# Posts

### September 19, 2014

+
(I was asked to write a review of Terry Parsons' Articulating Medieval Logic for the Australasian Journal of Philosophy. This is what I've come up with so far. Comments welcome!)Scholars working on (Latin) medieval logic can be viewed as populating a spectrum. At one extremity are those who adopt a purely historical and textual approach to the material: they are the ones who produce the invaluable modern editions of important texts, without which the field would to a great extent simply not […]
+
There is no well defined notion for what is a large cardinal. In some contexts those are inaccessibles, in others those are critical points of elementary embeddings, and sometimes $\aleph_\omega$ is a large cardinal. But we can clearly see some various degrees of largeness by how much structure the existence of the cardinal imposes. Inaccessible […]
+
Here are a few links for your weekend reading. Wealthy Los Angeles K12 school vaccination rates are as low as Sudan’s. We have a paradox: higher overall vaccination rates and higher vulnerability due to risk caused by social networks choosing not to vaccinate. A few OR/Stat bloggers have written about FiveThirtyEight and data journalism recently. I like […]
+
Rachel Cunliffe shares this delight: Had the CNN team used an integrated statistical analysis and display system such as R Markdown, nobody would’ve needed to type in the numbers by hand, and the above embarrassment never would’ve occurred. And CNN should be embarrassed about this: it’s much worse than a simple typo, as it indicates […] The post What does CNN have in common with Carmen Reinhart, Kenneth Rogoff, and Richard Tol: They all made foolish, embarrassing […]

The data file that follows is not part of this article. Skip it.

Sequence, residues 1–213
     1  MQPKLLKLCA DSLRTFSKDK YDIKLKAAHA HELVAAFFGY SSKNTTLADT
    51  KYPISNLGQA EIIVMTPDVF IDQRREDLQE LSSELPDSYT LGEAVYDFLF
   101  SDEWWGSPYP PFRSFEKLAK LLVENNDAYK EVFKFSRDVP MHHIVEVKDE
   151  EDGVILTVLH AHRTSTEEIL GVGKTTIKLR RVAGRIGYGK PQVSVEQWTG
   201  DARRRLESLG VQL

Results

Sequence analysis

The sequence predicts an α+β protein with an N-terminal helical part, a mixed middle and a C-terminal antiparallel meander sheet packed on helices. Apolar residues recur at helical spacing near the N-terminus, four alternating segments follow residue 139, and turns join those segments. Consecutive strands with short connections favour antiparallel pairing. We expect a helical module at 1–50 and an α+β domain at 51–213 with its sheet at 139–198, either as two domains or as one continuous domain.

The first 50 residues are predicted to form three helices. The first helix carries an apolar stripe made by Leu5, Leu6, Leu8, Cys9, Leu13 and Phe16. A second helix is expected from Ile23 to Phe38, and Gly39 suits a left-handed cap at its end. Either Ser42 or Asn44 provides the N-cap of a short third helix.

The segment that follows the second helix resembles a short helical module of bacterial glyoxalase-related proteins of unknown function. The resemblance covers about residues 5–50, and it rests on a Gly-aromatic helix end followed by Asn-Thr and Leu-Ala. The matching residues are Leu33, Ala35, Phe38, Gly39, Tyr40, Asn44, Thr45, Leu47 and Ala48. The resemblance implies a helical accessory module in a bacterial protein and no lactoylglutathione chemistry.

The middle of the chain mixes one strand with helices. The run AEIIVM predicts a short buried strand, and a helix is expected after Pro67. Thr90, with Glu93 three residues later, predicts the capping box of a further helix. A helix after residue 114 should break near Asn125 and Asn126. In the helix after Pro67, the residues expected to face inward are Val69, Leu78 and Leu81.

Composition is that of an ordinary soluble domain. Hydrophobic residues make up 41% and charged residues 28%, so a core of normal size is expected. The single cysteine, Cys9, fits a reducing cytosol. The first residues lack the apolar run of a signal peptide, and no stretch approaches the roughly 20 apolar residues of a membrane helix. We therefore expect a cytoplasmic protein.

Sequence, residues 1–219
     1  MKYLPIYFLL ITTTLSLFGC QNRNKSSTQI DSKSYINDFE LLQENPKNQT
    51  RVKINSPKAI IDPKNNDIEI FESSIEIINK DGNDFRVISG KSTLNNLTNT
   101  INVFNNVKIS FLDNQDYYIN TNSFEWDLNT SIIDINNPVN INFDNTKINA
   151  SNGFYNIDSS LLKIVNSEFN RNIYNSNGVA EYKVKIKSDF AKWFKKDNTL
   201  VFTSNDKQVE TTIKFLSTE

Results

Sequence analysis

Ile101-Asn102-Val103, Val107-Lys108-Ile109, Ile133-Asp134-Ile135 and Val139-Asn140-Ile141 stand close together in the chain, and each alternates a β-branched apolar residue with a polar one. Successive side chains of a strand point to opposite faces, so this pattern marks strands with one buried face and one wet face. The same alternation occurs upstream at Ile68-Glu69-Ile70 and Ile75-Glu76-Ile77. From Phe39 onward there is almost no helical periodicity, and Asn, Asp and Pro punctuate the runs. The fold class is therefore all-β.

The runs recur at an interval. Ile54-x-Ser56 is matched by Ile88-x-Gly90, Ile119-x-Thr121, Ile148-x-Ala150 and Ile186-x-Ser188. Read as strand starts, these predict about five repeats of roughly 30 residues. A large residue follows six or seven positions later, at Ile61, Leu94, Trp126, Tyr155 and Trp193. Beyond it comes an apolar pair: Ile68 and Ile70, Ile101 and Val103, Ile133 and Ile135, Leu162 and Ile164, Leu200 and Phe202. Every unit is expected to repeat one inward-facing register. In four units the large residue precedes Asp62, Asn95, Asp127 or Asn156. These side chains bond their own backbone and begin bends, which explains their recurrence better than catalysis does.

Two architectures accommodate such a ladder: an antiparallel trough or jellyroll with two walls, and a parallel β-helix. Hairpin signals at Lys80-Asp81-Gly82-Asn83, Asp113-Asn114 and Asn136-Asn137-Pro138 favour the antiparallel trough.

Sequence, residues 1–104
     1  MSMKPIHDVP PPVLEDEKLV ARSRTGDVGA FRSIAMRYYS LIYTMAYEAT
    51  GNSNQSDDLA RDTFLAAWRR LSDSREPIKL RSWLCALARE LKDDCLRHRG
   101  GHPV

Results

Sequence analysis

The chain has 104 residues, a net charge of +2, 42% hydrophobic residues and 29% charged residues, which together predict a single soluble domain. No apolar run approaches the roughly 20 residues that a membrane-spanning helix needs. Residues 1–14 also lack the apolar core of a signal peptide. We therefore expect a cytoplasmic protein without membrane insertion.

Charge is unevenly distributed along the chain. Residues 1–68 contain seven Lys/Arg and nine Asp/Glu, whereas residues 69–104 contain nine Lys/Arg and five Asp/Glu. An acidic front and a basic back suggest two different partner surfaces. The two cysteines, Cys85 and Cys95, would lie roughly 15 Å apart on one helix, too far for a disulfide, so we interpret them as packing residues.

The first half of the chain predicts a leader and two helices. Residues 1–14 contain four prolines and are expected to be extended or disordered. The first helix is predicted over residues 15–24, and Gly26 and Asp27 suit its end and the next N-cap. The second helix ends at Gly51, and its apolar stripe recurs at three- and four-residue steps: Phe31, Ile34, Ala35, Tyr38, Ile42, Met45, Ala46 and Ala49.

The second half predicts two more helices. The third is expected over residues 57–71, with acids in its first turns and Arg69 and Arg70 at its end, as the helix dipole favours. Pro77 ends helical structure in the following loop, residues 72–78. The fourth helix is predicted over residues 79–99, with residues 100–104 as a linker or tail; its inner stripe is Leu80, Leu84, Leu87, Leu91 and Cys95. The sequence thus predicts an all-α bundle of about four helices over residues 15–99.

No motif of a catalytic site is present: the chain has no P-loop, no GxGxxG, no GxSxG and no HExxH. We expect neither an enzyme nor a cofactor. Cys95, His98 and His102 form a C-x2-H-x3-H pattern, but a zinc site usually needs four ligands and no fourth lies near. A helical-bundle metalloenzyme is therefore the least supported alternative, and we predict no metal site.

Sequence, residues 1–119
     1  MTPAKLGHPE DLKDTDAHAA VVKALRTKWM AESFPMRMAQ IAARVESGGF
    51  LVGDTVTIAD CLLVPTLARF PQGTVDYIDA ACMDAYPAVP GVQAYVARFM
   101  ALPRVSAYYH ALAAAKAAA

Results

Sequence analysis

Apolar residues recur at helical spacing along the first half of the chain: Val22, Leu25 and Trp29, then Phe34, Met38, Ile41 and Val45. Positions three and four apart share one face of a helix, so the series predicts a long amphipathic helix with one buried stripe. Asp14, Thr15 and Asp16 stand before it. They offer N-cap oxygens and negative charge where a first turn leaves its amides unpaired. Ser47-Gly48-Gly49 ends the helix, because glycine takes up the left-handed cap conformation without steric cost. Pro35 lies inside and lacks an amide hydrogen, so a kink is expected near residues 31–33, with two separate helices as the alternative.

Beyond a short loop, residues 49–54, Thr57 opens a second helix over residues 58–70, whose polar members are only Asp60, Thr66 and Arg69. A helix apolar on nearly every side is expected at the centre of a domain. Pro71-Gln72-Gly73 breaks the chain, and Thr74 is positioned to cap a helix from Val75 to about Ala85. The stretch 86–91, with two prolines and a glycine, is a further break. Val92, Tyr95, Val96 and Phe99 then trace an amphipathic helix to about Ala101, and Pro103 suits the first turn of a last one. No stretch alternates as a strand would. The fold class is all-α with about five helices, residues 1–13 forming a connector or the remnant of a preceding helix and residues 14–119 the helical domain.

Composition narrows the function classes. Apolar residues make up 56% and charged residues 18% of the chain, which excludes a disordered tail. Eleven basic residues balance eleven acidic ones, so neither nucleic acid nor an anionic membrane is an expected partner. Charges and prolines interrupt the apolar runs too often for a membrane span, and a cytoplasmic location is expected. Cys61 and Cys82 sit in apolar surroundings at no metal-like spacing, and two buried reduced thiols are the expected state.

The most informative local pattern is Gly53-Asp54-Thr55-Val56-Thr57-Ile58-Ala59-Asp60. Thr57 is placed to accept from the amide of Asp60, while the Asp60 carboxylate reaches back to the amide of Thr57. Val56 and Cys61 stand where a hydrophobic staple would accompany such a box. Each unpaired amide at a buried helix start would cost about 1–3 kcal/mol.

+
Sonia Petrone announced today at BAYSM’14 that a competition was open for the design of an official ISBA tee-shirt! The deadline is October 15 and the designs are to be sent to Clara Grazian, currently at CEREMADE, Université Dauphine [that should be enough to guess her email!]. I will most certainly submit my mug design. […]
+
This Sunday there’ll be a huge march to raise awareness about climate change. It’s called the Climate Convergence, and the Alternative Banking group is going to be there. If you want to join us, come to 79th and Central Park West at 11am, in front of the Natural History Museum. We will have signs and […]
+
One of the exciting things about mathematical oncology is that thinking about cancer often forces me to leave my comfortable arm-chair and look at some actually data. No matter how much I advocate for the merits of heuristic modeling, when it comes to cancer, data-agnostic models take second stage to data-rich modeling. This close relationship […]

Gallaher, J. & Anderson, A.R. (2013). Evolution of intratumoral phenotypic heterogeneity: the role of trait inheritance., Interface Focus, 3 (4) 20130016. arXiv: http://arxiv.org/abs/1305.0524v1

Citation

### September 18, 2014

+
Filed under: pictures, Running, Travel Tagged: Austria, Baroque architecture, Belvedere, Wien
+
This post is by Phil Price. I can’t recall when I first saw “shaming” used in its currently popular sense. I remember noting “slut shaming” and “fat shaming” but did they first become popular two years ago? Three? At any rate, “shaming” is now everywhere…and evidently it’s a very bad thing. When I first saw […] The post Shamer shaming appeared first on Statistical Modeling, Causal Inference, and Social Science.
+
Infatti le teorie sono tutte molto affascinanti, ma se non vengono verificate da osservazioni o esperimenti, rimangono piacevoli ipotesi che divertono gli scienziati e gli scrittori di fantascienza.Isaac Asimovda Scivola, stella, scivola (Twinkle, Twinkle, Microwaves), su Urania 735, traduzione di Luca Serri